AliveCor this week announced results from two studies of its Apple (NSDQ:AAPL) smartphone-connected KardiaBand personal electrocardiogram device, touting the bands ability to detect atrial fibrillation and its ability to detect high potassium levels.
Results from the studies, which were presented this week at the American College of Cardiology’s 67th Annual Scientific Session, provide more support to the usefulness and validity of the band as a cardiovascular health monitor, AliveCor CEO Vic Gundotra told MassDevice.com in an interview.
“Doctors will read healthcare news, but until once it’s been peer reviewed in a study, that’s when you start to see the tide turn,” Gundotra said. “We’re humbled by the cardiology community’s acceptance of AliveCor and we’re humbled that our latest innovation with the Apple Watch has gotten this kind of response.”
The first study, performed at the Cleveland Clinic and accepted for publication by the Journal of the American College of Cardiology, aimed to examine whether the KardiaBand could differentiate between atrial fibrillation and normal heart rhythm at a level similar to standard-of-care 12-lead EKGs, the Mountain View, Calif.-based company said.
“It is the first time the Apple Watch has ever been in a peer reviewed, published journal, a prestigious journal,” Gundotra said. “Cleveland Clinic compared the Kardia band with the Apple Watch, our combined solution, against a standard 12-lead EKG, which is what all doctors use hospital settings.”
Results from the study indicated that the KardiaBand was able to detect AF and normal sinus rhythm with comparable rates to those interpreted by physicians, and was able to correctly interpret AF versus normal sinus rhythm with a 93% sensitivity and 84% specificity. When physicians reviewed the KardiaBand recordings, sensitivity raised to 99%.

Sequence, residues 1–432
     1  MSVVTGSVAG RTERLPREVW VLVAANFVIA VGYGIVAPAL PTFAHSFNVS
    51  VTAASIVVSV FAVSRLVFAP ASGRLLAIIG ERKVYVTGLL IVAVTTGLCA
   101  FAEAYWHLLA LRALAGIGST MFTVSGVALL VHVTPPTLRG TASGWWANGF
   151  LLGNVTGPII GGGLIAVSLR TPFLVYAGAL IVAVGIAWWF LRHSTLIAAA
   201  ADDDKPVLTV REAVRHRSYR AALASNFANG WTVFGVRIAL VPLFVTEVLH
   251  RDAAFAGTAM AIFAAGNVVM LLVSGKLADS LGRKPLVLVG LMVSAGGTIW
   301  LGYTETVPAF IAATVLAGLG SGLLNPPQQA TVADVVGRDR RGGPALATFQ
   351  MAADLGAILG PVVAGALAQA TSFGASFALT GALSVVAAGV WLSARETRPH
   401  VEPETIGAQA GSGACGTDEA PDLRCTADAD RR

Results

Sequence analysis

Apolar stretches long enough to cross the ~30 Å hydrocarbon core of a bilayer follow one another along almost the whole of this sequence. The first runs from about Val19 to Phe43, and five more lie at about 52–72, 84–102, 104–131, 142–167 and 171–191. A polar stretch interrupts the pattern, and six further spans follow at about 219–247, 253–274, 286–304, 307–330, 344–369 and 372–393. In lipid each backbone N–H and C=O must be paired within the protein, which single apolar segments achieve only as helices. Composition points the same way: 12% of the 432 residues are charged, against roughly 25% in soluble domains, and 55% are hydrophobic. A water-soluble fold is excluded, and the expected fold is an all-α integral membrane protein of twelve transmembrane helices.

“We couldn’t be more thrilled with the outcome,” Gundotra said.
In the second study, researchers looked to explore whether the band, paired with a new artificial intelligence technology, could non-invasively detect high potassium levels – a condition known as hyperkalemia.
“Hyperkalemia kills people. It is a condition where an individual has too much potassium, and when potassium levels get too high, cells cannot conduct electricity correctly. As you can obviously imagine, the cells that are the most important to you that are unable to conduct electricity reside in your heart, and the moment you get hyperkalemic, your heart goes into a dangerous arrhythmia,” Gundotra said. “Today the only way to test for hyperkalemia is a blood test.”
The research, performed in collaboration with the Mayo clinic, examined over data points from more than 2 million EKGs alongside 4 million serum potassium values collected between 1994 and 2017 alongside prospective data from the AliveCor EKG device to develop an AI algorithm to detect hyperkalemia.
Results indicated that the AI platform was able to detect hyperkalemia with an accuracy ranging between 90% and 94%.
Gundotra is hopeful that future generations of the KardiaBand will feature the ability to detect hyperkalemia, alongside other applications aiming to improve cardiovascular health monitoring.
“The idea is that one day, you will simply be able to touch the Kardia band on an Apple Watch and know that you’re getting into a dangerous hyperkalemic state and get treated. The lives we could save would be amazing,” Gundotra said. “This is kind of the dream of artificial intelligence.”
Last November, AliveCor won FDA clearance for its KardiaBand device, with indications for monitoring for early signs of atrial fibrillation.
Initially introduced in March 2016, the KardiaBand is the first medical device accessory to be cleared by the federal safety watchdog for the Apple Watch. It’s designed to display and record clinical-grade cardiac rhythm readings in real time in about 30 seconds, the company said.
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